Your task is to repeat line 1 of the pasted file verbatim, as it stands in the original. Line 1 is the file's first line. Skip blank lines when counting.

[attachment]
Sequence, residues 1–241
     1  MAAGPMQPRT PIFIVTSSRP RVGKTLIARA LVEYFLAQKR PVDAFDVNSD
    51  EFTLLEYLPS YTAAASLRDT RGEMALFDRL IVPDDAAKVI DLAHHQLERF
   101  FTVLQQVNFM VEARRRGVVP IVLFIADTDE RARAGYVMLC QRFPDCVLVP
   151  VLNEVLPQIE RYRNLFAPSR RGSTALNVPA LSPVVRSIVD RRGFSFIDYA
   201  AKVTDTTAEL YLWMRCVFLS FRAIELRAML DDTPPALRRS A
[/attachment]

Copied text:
Sequence, residues 1–241